“If you cannot measure it, you cannot improve it,” said famed British physicist Lord Kelvin about scientific experimentation over 100 years ago. It’s still pertinent today as we seek to improve ecommerce operations, remain competitive and improve our profitability and customer service.
In order to improve operations, we first need to measure key fulfillment metrics such as total cost per order (CPO), shipped cost per carton, cost per line and cost unit. Once we understand what these metrics show, we can then develop options for processes that reduce steps and cost, or improve service levels such as order turnaround time.
What key fulfillment metrics do you monitor and use to improve your performance? Here are 16 we recommend you use as a starting point:
Cost Per Order
The calculation is the total cost for all warehouse functions divided by the number of orders processed in a given timeframe. The initial measurement should be annual or trailing 12 months, followed by monthly. An efficient total cost per order is $5 to $7.
The components (less shipping, employee benefits and payroll taxes) include:
- Payroll expense: management, direct and indirect labor
- Facilities or occupancy costs: lease or depreciation for the space, utilities and depreciation and amortization for MHE systems and automation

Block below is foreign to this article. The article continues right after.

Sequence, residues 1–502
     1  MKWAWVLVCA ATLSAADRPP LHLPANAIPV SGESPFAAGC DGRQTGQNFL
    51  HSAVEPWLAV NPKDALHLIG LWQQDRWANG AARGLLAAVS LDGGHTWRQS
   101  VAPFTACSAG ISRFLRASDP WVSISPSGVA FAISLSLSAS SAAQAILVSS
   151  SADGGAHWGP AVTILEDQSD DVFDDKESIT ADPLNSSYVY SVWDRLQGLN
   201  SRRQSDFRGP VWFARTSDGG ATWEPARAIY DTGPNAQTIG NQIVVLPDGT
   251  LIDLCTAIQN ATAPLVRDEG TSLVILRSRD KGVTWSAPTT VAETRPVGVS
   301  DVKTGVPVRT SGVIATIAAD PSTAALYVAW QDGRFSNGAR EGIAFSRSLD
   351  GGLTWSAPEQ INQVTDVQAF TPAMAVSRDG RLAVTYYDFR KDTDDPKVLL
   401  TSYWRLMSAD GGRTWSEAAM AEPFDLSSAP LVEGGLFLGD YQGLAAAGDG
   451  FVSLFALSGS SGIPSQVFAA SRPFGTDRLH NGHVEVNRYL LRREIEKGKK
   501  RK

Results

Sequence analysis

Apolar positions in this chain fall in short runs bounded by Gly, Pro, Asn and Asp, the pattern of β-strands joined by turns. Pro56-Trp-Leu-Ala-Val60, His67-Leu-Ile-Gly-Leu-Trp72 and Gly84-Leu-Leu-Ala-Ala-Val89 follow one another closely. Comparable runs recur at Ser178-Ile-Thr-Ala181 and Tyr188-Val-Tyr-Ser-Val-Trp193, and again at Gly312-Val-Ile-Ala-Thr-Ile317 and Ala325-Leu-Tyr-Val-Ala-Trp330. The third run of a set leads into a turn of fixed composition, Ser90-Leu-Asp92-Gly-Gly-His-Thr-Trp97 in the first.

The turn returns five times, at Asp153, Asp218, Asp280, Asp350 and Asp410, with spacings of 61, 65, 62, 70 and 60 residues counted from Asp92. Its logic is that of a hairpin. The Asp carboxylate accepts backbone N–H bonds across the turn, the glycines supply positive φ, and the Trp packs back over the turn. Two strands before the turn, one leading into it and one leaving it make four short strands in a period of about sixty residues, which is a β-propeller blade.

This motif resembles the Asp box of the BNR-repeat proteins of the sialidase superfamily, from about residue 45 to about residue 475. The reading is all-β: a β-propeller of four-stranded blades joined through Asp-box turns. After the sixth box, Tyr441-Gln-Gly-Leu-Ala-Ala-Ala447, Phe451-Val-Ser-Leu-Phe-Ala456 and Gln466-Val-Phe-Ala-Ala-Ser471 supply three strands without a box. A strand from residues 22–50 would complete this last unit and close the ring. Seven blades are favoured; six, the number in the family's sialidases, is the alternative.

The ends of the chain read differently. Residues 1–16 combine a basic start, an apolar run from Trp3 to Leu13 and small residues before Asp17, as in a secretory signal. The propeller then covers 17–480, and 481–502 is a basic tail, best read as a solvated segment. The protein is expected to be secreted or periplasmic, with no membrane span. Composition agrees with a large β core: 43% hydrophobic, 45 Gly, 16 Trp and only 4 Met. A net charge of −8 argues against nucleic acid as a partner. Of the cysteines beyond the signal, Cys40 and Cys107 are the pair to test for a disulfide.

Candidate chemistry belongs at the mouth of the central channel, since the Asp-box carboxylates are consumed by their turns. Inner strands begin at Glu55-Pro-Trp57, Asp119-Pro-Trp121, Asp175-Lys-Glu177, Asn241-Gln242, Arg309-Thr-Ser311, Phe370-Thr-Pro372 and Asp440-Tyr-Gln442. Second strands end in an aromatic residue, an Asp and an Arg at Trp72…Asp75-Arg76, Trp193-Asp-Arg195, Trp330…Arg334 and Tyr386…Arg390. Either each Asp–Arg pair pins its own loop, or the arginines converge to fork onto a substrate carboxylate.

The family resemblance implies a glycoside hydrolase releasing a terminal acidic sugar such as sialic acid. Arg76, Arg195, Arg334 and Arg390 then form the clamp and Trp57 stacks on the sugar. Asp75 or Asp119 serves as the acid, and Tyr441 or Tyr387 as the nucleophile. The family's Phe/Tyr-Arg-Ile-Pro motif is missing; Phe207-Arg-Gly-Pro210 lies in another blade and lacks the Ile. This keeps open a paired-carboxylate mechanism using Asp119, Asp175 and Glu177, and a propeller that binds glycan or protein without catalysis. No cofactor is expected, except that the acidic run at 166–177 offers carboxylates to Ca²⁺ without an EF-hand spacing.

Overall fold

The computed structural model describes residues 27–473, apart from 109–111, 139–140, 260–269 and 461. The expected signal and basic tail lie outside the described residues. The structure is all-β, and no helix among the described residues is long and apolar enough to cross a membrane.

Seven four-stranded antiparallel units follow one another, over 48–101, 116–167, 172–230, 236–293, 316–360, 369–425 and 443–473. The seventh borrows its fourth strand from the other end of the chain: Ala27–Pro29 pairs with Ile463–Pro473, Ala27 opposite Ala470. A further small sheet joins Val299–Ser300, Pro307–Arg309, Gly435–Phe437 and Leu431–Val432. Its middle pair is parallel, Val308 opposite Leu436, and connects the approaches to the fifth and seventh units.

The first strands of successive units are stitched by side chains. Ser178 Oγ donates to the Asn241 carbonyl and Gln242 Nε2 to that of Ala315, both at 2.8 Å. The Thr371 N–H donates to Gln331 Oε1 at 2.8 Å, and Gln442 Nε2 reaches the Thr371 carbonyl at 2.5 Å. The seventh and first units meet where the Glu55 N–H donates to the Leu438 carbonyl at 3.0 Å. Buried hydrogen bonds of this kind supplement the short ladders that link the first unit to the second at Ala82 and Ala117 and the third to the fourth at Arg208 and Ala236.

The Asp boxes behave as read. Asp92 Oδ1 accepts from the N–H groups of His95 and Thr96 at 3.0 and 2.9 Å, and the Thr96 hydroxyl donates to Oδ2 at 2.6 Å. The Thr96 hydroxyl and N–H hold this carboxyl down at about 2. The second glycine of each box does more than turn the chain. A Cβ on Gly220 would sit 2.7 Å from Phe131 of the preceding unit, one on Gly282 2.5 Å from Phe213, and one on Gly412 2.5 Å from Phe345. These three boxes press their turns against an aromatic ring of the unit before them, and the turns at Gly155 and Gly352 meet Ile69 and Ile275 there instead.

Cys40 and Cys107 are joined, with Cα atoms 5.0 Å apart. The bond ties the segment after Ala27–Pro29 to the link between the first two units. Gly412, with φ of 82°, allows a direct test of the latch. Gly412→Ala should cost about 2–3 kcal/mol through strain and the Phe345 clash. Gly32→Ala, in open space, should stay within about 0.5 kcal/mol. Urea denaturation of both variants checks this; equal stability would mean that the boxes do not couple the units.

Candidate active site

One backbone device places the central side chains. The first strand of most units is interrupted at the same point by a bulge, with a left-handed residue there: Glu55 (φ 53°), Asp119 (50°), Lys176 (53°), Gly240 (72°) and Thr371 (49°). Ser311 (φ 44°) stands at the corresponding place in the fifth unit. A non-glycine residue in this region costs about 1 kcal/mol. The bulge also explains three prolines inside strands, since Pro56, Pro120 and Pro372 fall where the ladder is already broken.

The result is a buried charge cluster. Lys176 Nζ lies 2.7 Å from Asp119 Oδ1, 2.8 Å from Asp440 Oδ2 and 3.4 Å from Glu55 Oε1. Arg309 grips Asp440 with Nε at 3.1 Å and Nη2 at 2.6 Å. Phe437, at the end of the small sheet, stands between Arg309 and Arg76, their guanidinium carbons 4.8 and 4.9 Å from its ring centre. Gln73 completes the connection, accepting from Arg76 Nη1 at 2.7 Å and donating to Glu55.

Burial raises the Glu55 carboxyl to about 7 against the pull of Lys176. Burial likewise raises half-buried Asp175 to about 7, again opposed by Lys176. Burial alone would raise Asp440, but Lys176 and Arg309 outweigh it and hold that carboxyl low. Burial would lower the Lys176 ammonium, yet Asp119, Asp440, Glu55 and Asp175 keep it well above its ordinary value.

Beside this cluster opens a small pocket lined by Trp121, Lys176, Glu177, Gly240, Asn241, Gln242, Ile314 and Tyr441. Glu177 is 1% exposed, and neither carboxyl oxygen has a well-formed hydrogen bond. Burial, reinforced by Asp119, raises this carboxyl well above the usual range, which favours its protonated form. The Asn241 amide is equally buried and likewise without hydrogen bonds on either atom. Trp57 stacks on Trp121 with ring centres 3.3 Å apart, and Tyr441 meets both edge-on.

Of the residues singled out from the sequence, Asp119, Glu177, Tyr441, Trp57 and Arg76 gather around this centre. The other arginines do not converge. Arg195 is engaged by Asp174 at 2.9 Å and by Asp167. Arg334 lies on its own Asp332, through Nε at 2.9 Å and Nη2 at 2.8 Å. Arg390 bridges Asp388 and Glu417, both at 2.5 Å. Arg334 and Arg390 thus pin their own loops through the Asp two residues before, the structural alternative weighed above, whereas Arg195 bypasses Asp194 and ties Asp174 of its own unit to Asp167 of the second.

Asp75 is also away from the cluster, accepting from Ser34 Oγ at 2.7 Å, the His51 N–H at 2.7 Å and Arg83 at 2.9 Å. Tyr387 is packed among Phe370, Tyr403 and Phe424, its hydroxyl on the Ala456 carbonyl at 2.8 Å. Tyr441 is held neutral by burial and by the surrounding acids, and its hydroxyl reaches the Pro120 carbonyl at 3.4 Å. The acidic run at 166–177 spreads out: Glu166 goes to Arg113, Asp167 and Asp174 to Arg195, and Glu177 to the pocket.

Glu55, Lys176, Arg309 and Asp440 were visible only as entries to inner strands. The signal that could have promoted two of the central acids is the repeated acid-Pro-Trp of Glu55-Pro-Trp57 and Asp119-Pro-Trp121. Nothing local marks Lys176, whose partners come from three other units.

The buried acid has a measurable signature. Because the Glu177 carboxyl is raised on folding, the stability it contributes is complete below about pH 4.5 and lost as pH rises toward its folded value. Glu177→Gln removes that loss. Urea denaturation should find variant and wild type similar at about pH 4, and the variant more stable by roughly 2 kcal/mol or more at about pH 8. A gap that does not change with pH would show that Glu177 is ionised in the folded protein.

- Packing supply costs
These expenses should be available from your company’s profit and loss statement and make up a high percentage of overall fulfillment expenses. The number of orders may come from marketing or better yet your WMS system.
Our recommendation is to measure the total CPO in two ways, with and without including employee benefits, payroll taxes and outbound shipping costs. These expenses vary widely between operations. The benefits and payroll taxes (health care, PTO, payroll taxes, retirement plans, etc.) are not something an operations executive has direct control over generally. However, they may add 15% to 30% to the total cost per order.
Outbound shipping is the single largest cost in order fulfillment, more than all the others combined. It varies based on volumes shipped and carrier negotiation which is why comparisons to other ecommerce companies can be distorted.
Using the total CPO, you can now drive the calculation to a more granular level, dividing it by marketing orders processed.
Cost Per Carton Shipped
This is derived by dividing the total CPO by the number of cartons shipped. This figure may be 10% to 20% higher than the number of marketing orders because all orders can’t be combined into one carton.
Cost Per Order Line